There has been a recent drive to segregate patients in mental health units into single-sex wards ‘driven by concern about the vulnerability of women to sexual abuse and exploitation in mixed-sex secure settings’ (Mezey et al, 2005). In a study by Hales et al (2006), however, of the two women who reported feeling coerced into a sexual act, one had been coerced on a single-sex ward. Hensley et al (2003) showed high levels of coercion between female prisoners in the US prison service, challenging the usefulness of segregating patients into single-sex wards in this regard. Mezey et al (2005) concluded that the ‘development of single-sex secure units for women may not be justified on the grounds of safety issues alone’.
Psychiatric patients may internalise societal disapproval of their sexuality. Histories of childhood and adult abuse and trauma, lack of self-confidence and very low self-esteem can affect one’s predisposition to intimacy (Cook, 2000). The side-effects of psychotropic medication can diminish sexual performance and desire, causing erectile dysfunction in men and anorgasmia in women (Sullivan, 1993). Symptoms of paranoia and social withdrawal can impair patients’ abilities to form or maintain relationships. Individuals may lack the interpersonal skills required to initiate relationships in a socially acceptable manner, or to negotiate safe sexual practices. Whole departments are devoted to ‘ rehabilitating’ psychiatric in-patients – to assess and help them with their daily living skills, education and occupation, but practical assistance with and support for intimate relationships has received little attention (Davison, 1999).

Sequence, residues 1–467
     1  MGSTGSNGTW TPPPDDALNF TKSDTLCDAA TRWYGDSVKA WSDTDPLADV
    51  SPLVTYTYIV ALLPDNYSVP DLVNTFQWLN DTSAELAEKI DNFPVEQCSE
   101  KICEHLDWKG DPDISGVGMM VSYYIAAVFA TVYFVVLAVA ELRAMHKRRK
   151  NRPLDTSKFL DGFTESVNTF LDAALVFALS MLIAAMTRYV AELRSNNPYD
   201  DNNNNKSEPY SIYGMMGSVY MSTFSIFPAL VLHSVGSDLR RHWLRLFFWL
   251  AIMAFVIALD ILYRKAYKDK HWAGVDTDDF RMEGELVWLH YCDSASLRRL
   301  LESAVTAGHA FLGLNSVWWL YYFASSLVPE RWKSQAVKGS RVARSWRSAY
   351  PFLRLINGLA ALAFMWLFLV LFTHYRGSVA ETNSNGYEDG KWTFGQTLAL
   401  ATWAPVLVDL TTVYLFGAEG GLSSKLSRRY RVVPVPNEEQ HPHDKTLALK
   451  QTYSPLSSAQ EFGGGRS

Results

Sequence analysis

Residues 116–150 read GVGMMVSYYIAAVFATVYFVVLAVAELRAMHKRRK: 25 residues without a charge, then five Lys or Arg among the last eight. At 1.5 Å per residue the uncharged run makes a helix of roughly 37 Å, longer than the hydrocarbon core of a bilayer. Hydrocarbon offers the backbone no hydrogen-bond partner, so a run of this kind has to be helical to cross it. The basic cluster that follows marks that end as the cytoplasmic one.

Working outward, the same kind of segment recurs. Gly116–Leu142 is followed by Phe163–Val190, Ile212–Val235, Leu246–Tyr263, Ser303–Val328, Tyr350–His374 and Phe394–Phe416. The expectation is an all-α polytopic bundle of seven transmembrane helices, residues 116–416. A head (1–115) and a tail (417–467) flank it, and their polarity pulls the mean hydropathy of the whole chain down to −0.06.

There are arguments in support of institutional facilitation of patient relationships. Patients have not relinquished all their rights through involuntary detention in hospital. Where relationships between patients exist, they have been found to be similar to those between healthy people (Davison, 1999). Patients who are engaged in relationships often feel better as a result (Keitner & Grof, 1981). A relationship involving an in-patient could give hope to other patients; a healthy relationship might well be the panacea for a childhood of emotional deprivation; it could be turned into a therapeutic asset; it could provide an opportunity to understand the patient’s difficulties and to work on them in a constructive way (Modestin, 1981). It would afford the individual an external motivator to engage with their clinical team and to make progress.
The prohibition of sexual activity between married couples, where one is an in-patient for several years, can lead to the partner ‘at home’ forming an adulterous relationship. It could also lead to a sexually frustrated husband or wife in a secure unit having opportunistic sexual liaisons, regardless of whether or not sexual relationships are banned in the unit.